Genus Pseudotrapelus has a wide distribution in North Africa and in the Middle East. In the present study, we modeled the habitat suitability of two Omani species of the genus (Pseudotrapelus dhofarensis and Pseudotrapelus jensvindumi) to evaluate the potential effects of climate change on their distribution. Mean diurnal range and precipitation of wettest quarter are the most highly contributed variables for P. jensvindumi and P. dhofarensis, respectively. The potential distribution for P. dhofarensis in the current time covers the southern coastal regions of Oman, Yemen, the Horn of Africa, and Socotra Island, but the suitable regions were reduced in the future prediction and limited to Yemen, Socotra Island, and Oman. There have not been any records of the species outside of Oman. Analysis of habitat suitability for P. jensvindumi indicated that the species is restricted to the Al Hajar Mountain of Oman and the southeast coastal region of Iran, but there are no records of the species from Iran. Because mean diurnal range will not be influenced by climate change in future, the potential distribution of the species is not expected to be changed in 2050. All predicted models were performed with the highest AUC (more than 0.97) using the Maxent method. Investigation to find unknown populations of these two species in Iran, Yemen, and Socotra Island is essential for developing conservation programs in the future.
Citation: Rounaghi I, Hosseinian Yousefkhani SS (2018) Effects of climate change on niche shifts of Pseudotrapelus dhofarensis and Pseudotrapelus jensvindumi (Reptilia: Agamidae) in Western Asia. PLoS ONE 13(5): e0197884. https://doi.org/10.1371/journal.pone.0197884
Editor: Luciano Bosso, Universita degli Studi di Napoli Federico II, ITALY
Received: January 6, 2018; Accepted: April 4, 2018; Published: May 30, 2018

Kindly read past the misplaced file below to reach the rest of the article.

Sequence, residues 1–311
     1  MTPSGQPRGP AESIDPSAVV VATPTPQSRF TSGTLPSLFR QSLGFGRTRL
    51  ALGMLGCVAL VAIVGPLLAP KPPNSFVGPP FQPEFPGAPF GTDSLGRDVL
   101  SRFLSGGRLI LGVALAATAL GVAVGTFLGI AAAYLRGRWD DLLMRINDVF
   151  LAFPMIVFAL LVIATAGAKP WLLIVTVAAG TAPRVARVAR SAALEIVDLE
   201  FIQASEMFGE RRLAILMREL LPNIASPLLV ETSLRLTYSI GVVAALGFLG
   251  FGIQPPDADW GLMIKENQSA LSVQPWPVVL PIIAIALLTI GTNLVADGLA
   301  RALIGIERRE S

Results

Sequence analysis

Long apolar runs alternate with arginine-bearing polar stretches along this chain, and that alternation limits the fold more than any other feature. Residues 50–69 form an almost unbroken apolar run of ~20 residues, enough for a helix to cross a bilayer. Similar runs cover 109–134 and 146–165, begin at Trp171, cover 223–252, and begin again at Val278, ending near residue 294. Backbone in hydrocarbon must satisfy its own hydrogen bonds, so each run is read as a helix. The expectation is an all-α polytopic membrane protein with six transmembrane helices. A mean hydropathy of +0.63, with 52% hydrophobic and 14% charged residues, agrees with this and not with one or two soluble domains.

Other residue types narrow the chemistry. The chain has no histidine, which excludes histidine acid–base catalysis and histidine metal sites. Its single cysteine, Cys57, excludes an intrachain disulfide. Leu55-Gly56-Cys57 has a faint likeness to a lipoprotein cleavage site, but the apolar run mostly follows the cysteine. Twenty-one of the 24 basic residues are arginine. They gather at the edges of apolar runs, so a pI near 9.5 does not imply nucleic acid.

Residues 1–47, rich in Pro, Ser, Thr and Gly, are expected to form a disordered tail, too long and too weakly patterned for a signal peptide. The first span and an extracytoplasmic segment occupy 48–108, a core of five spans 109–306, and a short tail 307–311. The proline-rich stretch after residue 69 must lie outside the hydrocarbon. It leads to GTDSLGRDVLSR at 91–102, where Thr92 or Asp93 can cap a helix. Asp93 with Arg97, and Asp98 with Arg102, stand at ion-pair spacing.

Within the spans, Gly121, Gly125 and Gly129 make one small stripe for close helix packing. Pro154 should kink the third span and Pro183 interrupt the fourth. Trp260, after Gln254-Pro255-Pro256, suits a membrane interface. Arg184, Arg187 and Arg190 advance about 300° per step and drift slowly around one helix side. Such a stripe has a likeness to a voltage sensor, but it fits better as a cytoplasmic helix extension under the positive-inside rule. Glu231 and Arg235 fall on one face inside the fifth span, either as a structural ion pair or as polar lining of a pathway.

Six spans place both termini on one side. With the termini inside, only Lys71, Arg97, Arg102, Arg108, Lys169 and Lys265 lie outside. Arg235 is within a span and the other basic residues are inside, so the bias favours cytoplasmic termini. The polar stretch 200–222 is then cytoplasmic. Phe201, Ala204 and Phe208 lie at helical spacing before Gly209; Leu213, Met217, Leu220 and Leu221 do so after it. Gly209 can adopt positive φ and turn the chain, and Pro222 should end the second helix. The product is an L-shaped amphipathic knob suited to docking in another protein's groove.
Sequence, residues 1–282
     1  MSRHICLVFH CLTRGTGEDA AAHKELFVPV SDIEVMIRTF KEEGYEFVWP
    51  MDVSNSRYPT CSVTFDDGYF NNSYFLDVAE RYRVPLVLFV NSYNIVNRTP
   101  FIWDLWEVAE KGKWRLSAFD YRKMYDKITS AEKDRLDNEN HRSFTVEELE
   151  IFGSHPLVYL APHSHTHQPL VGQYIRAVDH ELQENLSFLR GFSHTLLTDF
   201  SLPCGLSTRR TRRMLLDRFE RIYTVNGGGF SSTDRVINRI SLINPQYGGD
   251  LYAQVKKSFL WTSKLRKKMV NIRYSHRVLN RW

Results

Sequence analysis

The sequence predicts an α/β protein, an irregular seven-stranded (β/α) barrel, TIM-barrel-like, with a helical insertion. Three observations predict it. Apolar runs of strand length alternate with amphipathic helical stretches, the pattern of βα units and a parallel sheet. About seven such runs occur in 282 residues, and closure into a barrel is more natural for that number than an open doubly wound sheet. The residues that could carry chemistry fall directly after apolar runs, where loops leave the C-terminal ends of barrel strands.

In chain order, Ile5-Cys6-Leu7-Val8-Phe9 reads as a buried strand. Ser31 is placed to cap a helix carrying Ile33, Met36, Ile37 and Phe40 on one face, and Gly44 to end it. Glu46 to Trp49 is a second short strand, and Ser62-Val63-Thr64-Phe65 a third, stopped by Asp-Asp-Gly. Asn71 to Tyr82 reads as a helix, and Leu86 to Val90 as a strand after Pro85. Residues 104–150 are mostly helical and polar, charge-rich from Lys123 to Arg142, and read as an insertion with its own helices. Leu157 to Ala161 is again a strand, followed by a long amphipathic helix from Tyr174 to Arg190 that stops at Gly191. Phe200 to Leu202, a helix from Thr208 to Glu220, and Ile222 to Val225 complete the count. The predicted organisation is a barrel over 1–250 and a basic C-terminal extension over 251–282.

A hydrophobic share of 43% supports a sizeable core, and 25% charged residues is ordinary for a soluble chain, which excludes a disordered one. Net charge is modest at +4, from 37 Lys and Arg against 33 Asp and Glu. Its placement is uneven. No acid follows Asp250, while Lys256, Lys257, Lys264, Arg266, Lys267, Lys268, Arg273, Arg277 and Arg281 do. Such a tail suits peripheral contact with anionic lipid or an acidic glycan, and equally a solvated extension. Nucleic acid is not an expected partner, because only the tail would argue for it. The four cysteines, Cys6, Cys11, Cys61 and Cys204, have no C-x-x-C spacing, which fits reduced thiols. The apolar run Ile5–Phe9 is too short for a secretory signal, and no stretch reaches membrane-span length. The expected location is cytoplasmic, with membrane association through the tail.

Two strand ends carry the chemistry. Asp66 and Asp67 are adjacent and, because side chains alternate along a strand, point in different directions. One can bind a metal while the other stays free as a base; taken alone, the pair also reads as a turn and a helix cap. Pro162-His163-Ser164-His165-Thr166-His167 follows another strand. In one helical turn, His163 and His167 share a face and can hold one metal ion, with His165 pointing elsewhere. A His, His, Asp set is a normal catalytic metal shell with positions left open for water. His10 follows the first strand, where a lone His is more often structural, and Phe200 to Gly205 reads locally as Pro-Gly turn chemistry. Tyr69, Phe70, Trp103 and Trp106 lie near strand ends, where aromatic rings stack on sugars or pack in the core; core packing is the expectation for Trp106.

Copyright: © 2018 Rounaghi, Hosseinian Yousefkhani. This is an open access article distributed under the terms of the Creative Commons Attribution License, which permits unrestricted use, distribution, and reproduction in any medium, provided the original author and source are credited.
Data Availability: All relevant data are within the paper and its Supporting Information files.
Funding: The authors received no specific funding for this work.
Competing interests: The authors have declared that no competing interests exist.
Climate change and increasing human activities are increasingly affecting biodiversity around the world . Climate change can cause species to change their distribution patterns according to the availability of suitable habitat regions , but may also change distributions by affecting other factors, such as predators and competitors. Therefore, future species distribution is related to a variety of biotic and abiotic factors. Additionally, habitat destruction and the degradation of ecosystems are important factors influencing species migration . Species with small distribution ranges can be greatly affected by these changes, so it is important to estimate the effects of climate change in developing effective conservation programs for them. Biodiversity has been threatened by climate change and global warming effects  because these are important factors controlling the species expansion and dispersion . Climate change can affect the amount of food resources for animals and, in addition to increasing temperature, can increase drought conditions .